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Old 11-24-2015, 11:51 AM   #1
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6 volt vs 12 volt batteries

Pros and cons on two 6 volt in series vs two 12 volts in parallel

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Old 11-24-2015, 01:04 PM   #2
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Location: Camano Island, Washington
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6 volt-more reserve capacity and will last longer. They are the best for dry camping or boondocking.
But if one goes bad, you're dead in the water. Plus they cost more.

12v are cheaper and if one goes bad, you still have power. But they aren't as durable and don't last as long. And they deplete faster.

Because of jack clearance issues, we have the lower height 12v pair.
We dry camp almost all the time and ours have lasted 7 years.

Dan-Retired Firefighter/EMT
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and Zoe the Wonder Dog(R.I.P.)
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Old 11-24-2015, 02:16 PM   #3
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Having done both, I now favor the series 6V battery solution.

As Dan pointed out, you have more capacity and a more serious deep cycle setup, for a theoretically longer life, at a more reasonable price. The 6 volt batteries are somewhat taller (1.5 to 2 inches taller for similar length and width).

The point about having a second battery in case one goes bad in the 12V situation is generally false. Unless you use the two batteries independently and separately, if one 12V battery goes down while in parallel, it's going to take the other to at least a deep discharge before you even know you have a problem. Don't ask me how I know this - but I'll tell you anyway.

I don't know exactly what happened. I found both 12V size 24 marine/deep cycle (1.5 years old) down around 11.5 volts, and not charging with the A-frame plugged in. Found the 30 amp fuse (connection to battery) blown on the Wifco converter. Hooked up a Sears 10 amp charger to the battery bank after disconnecting the bank from the trailer. The charger kept popping its circuit breaker, so I separated the batteries. Recharged one, but still had a popping circuit breaker on the second.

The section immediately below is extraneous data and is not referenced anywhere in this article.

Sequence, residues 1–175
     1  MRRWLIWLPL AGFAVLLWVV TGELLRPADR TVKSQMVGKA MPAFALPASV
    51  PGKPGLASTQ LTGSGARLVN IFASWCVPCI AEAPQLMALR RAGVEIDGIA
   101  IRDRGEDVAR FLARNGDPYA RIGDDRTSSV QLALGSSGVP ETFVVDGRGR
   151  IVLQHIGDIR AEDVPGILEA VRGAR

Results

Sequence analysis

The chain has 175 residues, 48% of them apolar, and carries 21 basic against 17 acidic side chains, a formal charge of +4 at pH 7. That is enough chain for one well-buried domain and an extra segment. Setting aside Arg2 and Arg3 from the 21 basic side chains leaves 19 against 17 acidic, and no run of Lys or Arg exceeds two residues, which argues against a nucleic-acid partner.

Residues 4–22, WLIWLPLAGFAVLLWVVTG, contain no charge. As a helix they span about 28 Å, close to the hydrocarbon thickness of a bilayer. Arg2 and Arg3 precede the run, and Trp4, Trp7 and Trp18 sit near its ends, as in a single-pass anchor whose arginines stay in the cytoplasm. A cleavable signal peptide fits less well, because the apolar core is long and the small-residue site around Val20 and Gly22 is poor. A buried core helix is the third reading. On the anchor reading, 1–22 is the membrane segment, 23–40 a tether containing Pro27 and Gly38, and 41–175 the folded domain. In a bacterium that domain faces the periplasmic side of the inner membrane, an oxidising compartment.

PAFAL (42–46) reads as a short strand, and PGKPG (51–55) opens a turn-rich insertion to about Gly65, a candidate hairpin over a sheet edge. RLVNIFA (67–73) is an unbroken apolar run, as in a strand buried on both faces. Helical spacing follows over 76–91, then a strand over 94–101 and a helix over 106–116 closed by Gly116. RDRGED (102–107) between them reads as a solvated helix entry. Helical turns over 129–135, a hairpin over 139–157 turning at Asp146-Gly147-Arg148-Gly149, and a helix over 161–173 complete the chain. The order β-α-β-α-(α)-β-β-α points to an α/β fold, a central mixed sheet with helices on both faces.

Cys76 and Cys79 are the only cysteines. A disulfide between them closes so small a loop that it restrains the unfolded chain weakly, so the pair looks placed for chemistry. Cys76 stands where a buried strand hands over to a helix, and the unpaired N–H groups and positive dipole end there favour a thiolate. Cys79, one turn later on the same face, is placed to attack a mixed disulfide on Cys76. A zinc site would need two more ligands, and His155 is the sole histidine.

Next was a very stupid SPUT (Stupid Pop UP Trick). I put the batteries back in parallel, thinking the charged battery would help the charger charge the low battery. Wrong! The #6 paralleling wires glowed red hot, melted their insulation, and flamed from the hydrogen discharging from the battery vents of the low battery. There were also small flames from the cell vents. I retreived a set of electricians pliers and with my hands completely on the insulated portion of the handles, cut the paralleling wires. The flames died out immediately.

When I cleared the debris away later, I had holes in the tops of both battery casings. After some researching as to what would fit my battery box, I found 6V 232AH golf cart batteries at Costco at $150 for the pair. I bought/made up new cables, and installed the marine 2 battery selector switch I had bought months ago for a shut-off (not standard on PUPs and A-frames).

The new arrangement gives me 116 usuable amp hours instead of 80, and much less of a potential fire hazard if something goes wrong. And the price was less than two 12volt replacements.

Fred W - I hate learning from my own mistakes, would much prefer to learn from others'.
2014 Rockwood A122 A-frame
2008 Hyundai Entourage minivan

PS: My converter fan now comes on when recharging if the batteries have been used for a couple of days of dry camping, showing a higher charge rate. Life is good.
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Old 11-24-2015, 02:41 PM   #4
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i use 2 6 volt batteries because it gave me the most total amp hours. Also, i am told that 6v batteries last longer due to thicker plates. My main concern was the max amount of amp hours for a 2 battery set up
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Old 11-24-2015, 02:52 PM   #5
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I also have used both 6v and 12v. Have been using (2) 6v for about 5 years now and prefer than setup better than the (2) 12v (more capacity for the same foot print).

2007 Surveyor SV230
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12 volt, battery

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